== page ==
Thermae Bath Spa

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Thermae Bath Spa: the main building by Grimshaw Architects.

Thermae Bath Spa is a combination of the historic spa and a contemporary building in the city of Bath, England, and re-opened in 2006. Bath and North East Somerset council own the buildings, and, as decreed in a Royal Charter of 1590, are the guardians of the spring waters, which are the only naturally hot, mineral-rich waters in the UK. The Spa is operated by YTL Hotels.[1][2]

The main spa building, the New Royal Bath, was designed by Grimshaw Architects and is constructed in Bath stone, enclosed by a glass envelope. It has two natural thermal baths, an open-air rooftop pool and an indoor pool, and a large Wellness Suite with two aromatic steam rooms, an Ice Chamber, Infrared Sauna and a Celestial Relaxation Room.[3][4] It also has a cafe, three relaxation areas, and 27 spa treatment rooms, including the 18th century Hot Bath, in which water-based massage such as Watsu takes place.[5] The separate Cross Bath is a grade I listed Georgian building containing one open-air thermal bath.


One of the city's main attractions has long been its famous hot spa water, fed by the area's hot springs. The Bath springs are the warmest geothermal springs found in the UK. These natural geothermal mineral springs fed into the Roman Baths complex, which was responsible for the prominence of Bath in the Roman period, as well as for the later development of Bath as the country's leading eighteenth and early nineteenth-century health resort. In the middle of the 20th century, the city's swimming pool sourced its water directly from the King's Spring through one of three pipelines beneath the River Avon. However, the old municipal hot pools were closed in 1978 after the discovery of an infectious organism in one stratum of the aquifer. After that date, bathing was prohibited.[6][7]


With the approach of the year 2000, money from the National Lottery-funded Millennium Commission was made available towards a major project to reopen a safe commercial spa once more, supplemented by funds from subscribers and from the local authority.

Originally planned to open in 2002, and despite a formal opening with the aid of the Three Tenors in 2003, the project ran seriously behind schedule and over budget as a result of a variety of legal disputes with contractors: the project's budgeted costs spiralled from an estimated £13 million in September 1996 to a final cost of £45 million.[8]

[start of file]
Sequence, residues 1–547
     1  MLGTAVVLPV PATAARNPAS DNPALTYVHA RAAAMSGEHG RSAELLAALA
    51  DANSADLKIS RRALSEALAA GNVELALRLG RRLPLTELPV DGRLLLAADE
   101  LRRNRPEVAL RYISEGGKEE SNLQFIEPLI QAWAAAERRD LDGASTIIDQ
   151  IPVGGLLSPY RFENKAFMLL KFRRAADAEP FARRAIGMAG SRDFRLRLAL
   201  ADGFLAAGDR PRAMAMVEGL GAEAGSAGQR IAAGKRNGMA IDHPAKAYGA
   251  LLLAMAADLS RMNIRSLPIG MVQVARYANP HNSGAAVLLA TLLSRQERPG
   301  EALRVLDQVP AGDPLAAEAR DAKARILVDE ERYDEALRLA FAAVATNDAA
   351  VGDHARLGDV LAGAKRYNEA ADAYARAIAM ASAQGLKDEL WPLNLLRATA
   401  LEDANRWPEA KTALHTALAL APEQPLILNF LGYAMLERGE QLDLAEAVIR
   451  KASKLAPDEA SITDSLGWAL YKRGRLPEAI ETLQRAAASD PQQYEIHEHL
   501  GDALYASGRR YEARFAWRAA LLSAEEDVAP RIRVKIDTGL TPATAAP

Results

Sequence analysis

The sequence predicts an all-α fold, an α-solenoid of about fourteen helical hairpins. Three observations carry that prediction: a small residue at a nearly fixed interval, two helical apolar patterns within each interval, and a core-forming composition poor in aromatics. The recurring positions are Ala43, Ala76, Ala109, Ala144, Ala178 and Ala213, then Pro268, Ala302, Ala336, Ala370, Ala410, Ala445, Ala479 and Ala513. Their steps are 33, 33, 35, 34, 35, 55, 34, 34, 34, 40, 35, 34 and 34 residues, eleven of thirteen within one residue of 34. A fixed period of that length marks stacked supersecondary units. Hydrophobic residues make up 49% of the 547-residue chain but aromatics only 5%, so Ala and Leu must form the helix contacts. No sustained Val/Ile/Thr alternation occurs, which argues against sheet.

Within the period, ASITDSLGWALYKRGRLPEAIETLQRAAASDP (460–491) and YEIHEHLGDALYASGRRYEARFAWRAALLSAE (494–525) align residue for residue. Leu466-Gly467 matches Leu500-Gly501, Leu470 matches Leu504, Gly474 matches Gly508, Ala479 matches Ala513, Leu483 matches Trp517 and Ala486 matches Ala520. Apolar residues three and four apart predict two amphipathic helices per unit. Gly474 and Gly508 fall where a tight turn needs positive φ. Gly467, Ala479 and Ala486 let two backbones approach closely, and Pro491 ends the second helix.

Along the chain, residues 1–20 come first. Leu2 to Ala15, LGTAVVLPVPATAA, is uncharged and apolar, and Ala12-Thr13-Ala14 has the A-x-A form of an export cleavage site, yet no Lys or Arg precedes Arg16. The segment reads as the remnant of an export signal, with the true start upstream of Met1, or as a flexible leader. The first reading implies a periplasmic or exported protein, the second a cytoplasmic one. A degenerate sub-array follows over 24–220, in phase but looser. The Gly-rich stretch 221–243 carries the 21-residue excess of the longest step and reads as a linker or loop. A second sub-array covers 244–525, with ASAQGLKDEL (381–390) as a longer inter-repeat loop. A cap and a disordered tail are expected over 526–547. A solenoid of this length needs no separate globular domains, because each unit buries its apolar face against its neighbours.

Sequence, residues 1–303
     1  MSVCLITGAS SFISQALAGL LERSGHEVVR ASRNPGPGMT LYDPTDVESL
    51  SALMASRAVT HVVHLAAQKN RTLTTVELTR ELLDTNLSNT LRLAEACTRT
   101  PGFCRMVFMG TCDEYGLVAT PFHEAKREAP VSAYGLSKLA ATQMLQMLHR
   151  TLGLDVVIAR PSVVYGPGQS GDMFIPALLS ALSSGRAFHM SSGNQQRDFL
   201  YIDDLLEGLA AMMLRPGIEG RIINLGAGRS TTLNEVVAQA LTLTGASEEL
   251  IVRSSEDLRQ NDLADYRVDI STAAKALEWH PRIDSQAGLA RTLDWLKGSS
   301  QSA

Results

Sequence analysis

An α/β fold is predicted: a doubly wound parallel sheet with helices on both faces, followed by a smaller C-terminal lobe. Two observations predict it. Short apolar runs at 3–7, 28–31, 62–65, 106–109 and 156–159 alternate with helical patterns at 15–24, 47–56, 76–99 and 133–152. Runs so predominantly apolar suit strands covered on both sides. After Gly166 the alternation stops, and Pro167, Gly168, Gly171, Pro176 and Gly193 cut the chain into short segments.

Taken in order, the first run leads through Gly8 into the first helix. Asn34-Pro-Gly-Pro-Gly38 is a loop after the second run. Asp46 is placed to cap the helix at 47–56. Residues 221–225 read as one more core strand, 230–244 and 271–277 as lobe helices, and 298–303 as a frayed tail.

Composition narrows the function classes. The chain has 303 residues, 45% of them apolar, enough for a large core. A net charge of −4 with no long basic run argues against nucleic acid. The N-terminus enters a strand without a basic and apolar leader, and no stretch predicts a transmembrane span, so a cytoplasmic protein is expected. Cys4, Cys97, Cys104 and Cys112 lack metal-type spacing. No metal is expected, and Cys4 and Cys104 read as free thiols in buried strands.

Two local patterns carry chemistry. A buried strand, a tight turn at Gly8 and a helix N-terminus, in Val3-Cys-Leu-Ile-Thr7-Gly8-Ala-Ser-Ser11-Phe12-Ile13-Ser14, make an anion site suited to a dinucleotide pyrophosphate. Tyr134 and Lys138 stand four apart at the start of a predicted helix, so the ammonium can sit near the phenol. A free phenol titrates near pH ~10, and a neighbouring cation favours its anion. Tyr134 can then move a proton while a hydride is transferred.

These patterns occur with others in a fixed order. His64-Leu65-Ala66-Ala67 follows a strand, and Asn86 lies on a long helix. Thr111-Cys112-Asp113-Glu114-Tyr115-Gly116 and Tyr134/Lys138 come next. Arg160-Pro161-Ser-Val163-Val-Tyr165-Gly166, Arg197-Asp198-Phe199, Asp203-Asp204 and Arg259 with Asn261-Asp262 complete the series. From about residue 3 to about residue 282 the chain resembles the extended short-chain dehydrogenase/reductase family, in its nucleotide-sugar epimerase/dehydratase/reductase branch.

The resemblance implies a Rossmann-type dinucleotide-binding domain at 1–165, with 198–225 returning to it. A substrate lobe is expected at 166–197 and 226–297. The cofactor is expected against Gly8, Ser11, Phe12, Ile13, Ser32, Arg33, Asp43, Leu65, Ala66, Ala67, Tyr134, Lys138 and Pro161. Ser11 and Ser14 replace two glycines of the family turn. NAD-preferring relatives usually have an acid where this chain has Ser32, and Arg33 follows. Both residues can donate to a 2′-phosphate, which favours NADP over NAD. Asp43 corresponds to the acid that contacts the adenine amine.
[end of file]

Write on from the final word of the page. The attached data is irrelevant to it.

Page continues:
Present day[edit]

The spa's rooftop pool seen from Bath Abbey.

Thermae Bath Spa eventually opened to the public on 7 August 2006, ending a 28-year period during which the waters remained unavailable for bathing.

The spa is largely sited in a new 'Glass Cube' building by Sir Nicholas Grimshaw, near the site of the ancient Royal Bath, which has been interlinked with historic Georgian spa buildings such as the nearby Hot and Cross Baths. The building is in a strongly contemporary style in contrast to its Georgian surroundings. The complex houses both traditional and modern spa facilities.

A 2014 survey indicated the spa attracted an extra 260,000 visitors a year to Bath, who contributed an extra £15 million a year to Bath's economy.[9]


  1. ^ "YTL Hotels takes charge of Thermae Bath Spa". Leisure Opportunities. 4 February 2014.
  2. ^ "New era promised for Bath's Thermae Spa as Malaysian group YTL takes control". Bath Business News. 4 February 2014.
  3. ^ "Thermae Bath Spa make most significant investment in more than 10 year history on new Wellness Suite". South West Business. 4 April 2017.
  4. ^ "New wellness suite for Thermae Bath Spa as it enters second decade". Bath Business News. Retrieved 18 July 2018.
  5. ^ "Your Guide to Spa Treatments in Bath". Visit Bath. Retrieved 18 July 2018.
  6. ^ "The City of Bath, Somerset, UK". H2G2. Retrieved 1 November 2007.
  7. ^ Kilvington, Simon; Beeching, John (June 1995). "Identification and Epidemiological Typing of Naegleria fowleri with DNA Probes". Applied and Environmental Microbiology. 61 (6): 2071–2078. PMC 167479. PMID 7793928.
  8. ^ "Timeline: Spa saga highs and lows". BBC News. 31 July 2006. Retrieved 20 November 2007.
  9. ^ "Thermae Bath Spa £14.6m boost for city economy". Bath Chronicle. 16 October 2014. Archived from the original on 29 October 2014. Retrieved 18 October 2014.

External links[edit]

Coordinates: 51°22′49″N 2°21′42″W / 51.38037°N 2.36157°W / 51.38037; -2.36157